Up to $89 billion (4.6%) of global payment revenues could be at risk in the next three years for banks that are slow to offer next-generation payments options, according to a new report by Accenture.
The report, “Payments Gets Personal,” is based on a survey of more than 16,000 consumers in 13 countries across Asia, Europe, Latin America and North America. It explores how leading banks and payments players can increase their relevance in the consumer transaction journey and capitalize on future payment innovations.
Breaking down the payment revenue risk by geographic region, the report identified that $34 billion of payment revenues is at stake in North America, more than $25 billion is under threat in Latin America, and more than $24 billion in Asia-Pacific. In Europe, where more than 55% of consumers do not make use credit cards regularly, more than $4 billion of payment revenue is at risk.
Although traditional payment methods still dominate the consumer payments landscape, next-generation offerings are rapidly gaining traction. The survey identified high usage of traditional payments methods such as cash (used by 66% of survey respondents), debit cards (64%) and credit cards (48%). However, more than half (56%) of consumers surveyed use digital wallets and 10% use account-to-account (A2A) payment apps.
More disruption is expected from biometrics payments (authentication of physical characteristics such as retinas, palm/fingerprints and faces). More than four in 10 respondents (42%) believe that biometrics are likely to be widely used by 2025, and 9% said they would be willing to use it as their in-person primary method of payment, if available, by 2025.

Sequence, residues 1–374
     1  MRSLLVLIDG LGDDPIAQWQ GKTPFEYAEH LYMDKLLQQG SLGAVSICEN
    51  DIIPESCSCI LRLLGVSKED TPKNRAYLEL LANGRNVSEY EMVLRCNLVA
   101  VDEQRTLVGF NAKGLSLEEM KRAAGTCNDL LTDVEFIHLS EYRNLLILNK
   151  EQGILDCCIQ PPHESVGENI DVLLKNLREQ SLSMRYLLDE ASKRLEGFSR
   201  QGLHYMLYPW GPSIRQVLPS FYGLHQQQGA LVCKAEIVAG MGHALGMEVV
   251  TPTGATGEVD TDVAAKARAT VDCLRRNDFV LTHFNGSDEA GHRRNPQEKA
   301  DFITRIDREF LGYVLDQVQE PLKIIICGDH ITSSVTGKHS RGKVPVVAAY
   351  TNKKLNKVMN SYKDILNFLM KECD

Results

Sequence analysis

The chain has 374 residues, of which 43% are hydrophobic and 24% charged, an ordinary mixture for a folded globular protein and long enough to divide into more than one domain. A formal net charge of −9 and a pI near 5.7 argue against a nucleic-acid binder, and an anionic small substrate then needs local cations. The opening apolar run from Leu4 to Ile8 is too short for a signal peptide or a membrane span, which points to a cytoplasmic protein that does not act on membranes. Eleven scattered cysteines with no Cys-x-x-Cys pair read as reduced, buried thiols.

The research also found that external macroeconomic factors including inflation and rising interest rates are shaping consumers’ payment choices as they look to reduce debt interest. Almost one third (31%) of credit card users said that they are considering switching to other payment instruments for in-person shopping, with slightly more than half (54%) of these planning to use non-interest-charging payment methods including debit cards, cash and buy now, pay later financing.
Sulabh Agarwal, Global Payments lead at Accenture, said: “As consumers re-evaluate how they pay and move their money, traditional payments providers are rapidly losing their hold over the customer payments experience to newer market entrants. This significant threat to core banking revenue is compounded by the current economic volatility, accelerating digitization, and consumer demand for seamless payments.”
“Now is the time for banks to put a stake in the ground and implement a strategy to defend their core payments revenue. Banks that make bold moves to embrace next-generation payment methods offering people more choice and control could unlock higher levels of customer engagement and drive growth in a rising-interest-rate environment,” he added.